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We have a lovely Persian cat which likes to go to our yard and sit outside.

So we bath him almost every month; this time I was the one who bathed him, so I washed him by pouring water on his head with a wet hand on his face. My sister argued with me about why I washed his face, and thinks his ears could become infected, because of what she's heard from veterinarians. So I searched Google using this tag how to bathe cat head ears, and found this site:

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With this instruction:

Keep shampoo out of your cats eyes, nose, mouth, and ears. To minimize the risk of creating an ear infection, put a cotton ball—a small wad of soft material used to stop up a wound or an opening—in each ear. Don't forget to take them out at the end of the bath. The cotton may also reduce the noise and make your job easier.

So I would like to know if putting a cotton ball into his ears would be enough to prevent infection and if this can be done for a Persian cat?

Also, is there any work I need to do as I think he automatically grabs his ear auricles when water is poured on his head?

Also is it correct that I should not wash his head, and wash only his body to his neck?

  • 2
    Cats are generally very good at keeping themselves clean. Can I ask why you are bathing him at all? – Allison C Dec 31 '19 at 14:19
  • Consider using a sponge or facecloth. Lately I decided to us some Sebacil my vet gave me for my horse on my cat since he tends to bring parasites with him a lot (and I do get itchy skin then...). The sponge allowed me to get to every spot without needing to fear sebacil water getting in eyes or ears or nose. – kaiya Mar 8 at 22:27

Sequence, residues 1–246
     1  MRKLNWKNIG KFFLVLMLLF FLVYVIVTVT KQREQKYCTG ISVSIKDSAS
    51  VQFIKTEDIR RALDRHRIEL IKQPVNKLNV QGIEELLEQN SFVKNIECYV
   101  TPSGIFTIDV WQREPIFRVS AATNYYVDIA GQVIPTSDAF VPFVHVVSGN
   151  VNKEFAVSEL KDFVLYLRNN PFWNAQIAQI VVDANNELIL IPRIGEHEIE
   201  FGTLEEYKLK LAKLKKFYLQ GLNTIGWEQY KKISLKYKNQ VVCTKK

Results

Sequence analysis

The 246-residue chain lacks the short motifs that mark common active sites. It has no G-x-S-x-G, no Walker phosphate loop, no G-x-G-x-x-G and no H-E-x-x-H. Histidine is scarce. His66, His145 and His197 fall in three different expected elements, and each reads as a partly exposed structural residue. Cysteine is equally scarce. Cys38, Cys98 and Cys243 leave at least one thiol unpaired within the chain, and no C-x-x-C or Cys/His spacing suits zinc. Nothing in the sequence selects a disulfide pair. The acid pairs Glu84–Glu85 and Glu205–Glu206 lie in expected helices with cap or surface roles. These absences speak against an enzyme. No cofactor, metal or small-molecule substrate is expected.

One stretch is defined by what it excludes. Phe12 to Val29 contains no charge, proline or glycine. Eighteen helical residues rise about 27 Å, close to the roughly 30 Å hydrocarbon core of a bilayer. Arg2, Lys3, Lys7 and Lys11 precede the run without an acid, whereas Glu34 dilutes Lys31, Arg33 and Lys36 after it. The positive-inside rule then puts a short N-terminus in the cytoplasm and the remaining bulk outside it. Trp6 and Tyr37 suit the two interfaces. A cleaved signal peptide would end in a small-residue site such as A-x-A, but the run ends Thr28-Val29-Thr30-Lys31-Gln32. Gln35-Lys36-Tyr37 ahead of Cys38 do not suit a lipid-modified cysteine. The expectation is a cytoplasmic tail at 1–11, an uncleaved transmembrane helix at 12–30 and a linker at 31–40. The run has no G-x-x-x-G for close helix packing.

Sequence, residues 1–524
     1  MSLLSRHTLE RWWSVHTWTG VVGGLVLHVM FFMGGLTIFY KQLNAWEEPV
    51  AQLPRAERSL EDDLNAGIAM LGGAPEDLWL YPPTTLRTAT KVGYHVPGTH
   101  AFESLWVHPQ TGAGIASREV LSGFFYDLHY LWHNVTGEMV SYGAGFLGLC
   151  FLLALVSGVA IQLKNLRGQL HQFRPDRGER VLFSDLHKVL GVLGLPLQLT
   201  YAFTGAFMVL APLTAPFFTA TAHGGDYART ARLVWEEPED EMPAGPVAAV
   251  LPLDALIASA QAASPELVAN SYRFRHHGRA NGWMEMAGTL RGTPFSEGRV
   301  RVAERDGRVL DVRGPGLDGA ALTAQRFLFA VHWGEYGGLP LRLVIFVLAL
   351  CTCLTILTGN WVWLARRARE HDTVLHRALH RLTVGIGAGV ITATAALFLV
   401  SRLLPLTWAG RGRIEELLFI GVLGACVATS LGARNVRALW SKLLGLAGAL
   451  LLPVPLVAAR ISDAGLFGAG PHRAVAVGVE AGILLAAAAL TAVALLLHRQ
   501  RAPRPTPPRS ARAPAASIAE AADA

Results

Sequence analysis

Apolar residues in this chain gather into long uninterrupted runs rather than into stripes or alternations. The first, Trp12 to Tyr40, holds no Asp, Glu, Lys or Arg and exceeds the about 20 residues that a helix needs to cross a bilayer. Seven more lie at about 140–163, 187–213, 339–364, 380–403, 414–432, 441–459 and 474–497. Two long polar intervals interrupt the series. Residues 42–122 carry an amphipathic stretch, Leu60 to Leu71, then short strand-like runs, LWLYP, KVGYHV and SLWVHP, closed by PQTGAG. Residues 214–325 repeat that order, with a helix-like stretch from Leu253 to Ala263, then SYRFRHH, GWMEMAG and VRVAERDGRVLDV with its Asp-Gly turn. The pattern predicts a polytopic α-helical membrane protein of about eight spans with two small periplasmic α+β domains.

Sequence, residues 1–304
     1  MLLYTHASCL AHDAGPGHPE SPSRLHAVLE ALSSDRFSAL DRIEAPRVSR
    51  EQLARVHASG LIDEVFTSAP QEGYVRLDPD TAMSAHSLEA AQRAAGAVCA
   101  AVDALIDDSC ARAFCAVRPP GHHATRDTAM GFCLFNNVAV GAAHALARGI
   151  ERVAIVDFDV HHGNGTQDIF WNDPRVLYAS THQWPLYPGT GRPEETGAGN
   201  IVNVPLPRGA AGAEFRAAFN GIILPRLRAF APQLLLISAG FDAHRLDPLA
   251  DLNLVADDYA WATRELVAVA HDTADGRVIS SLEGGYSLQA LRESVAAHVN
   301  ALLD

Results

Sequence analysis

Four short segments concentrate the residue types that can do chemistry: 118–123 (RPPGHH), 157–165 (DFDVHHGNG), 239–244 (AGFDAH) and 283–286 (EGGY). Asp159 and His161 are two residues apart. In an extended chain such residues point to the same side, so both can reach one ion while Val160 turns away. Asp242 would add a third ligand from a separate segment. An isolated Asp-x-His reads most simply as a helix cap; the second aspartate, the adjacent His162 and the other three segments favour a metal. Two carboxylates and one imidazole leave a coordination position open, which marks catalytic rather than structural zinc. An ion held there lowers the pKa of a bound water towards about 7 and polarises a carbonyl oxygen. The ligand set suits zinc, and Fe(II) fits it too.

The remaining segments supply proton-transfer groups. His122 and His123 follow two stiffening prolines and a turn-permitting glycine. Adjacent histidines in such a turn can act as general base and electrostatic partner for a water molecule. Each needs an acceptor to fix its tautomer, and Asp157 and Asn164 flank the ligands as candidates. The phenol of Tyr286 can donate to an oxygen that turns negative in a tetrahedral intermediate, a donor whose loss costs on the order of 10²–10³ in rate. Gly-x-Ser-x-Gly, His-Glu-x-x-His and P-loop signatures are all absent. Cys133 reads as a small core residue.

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Not sure if the breed of the cat makes a difference when it comes to water in ears, but I could be wrong.

I’ve heard many times the same thing your sister told you. I think they must have a hard time getting water out of their inner ear canals which could lead to infections and illness. We just have always typically avoided getting water in our cats ears just as a precaution. If your cat does have water in his ears, just watch and see how he does. It could be fine, but if you notice he seems bothered consider taking him to the vet to see if anything is wrong.

We use q-tips to get gross ear wax and other like things out of our cat’s ears. My mom has used a damp cotton ball to clean the tips of her cat’s ears. I would just be extremely careful to not get into the canals of the ear!

So in general, for bathing we like to wash our cat in the sink half full. We focus on his body and avoid getting his head wet. If there were water to get in his ears, we would leave it be and monitor it. I wouldn’t personally put cotton balls in his ears while washing because I feel like that would just make the bathing experience so much worse and more chaotic (another discomfort to make him thrash more). Then after the bath if there is some dirt or earwax you want to clean, delicately go in with a tissue, cotton ball, q-tip, etc to clean. Again, I would avoid the canals. Also, I wouldn’t let a cotton ball or something like that sit/stay in their ear for a long period of time (to soak up water or something). I think it would be a major discomfort and may even encourage an infection due to irritation, standing water, germs, etc.

Hopefully this helps!

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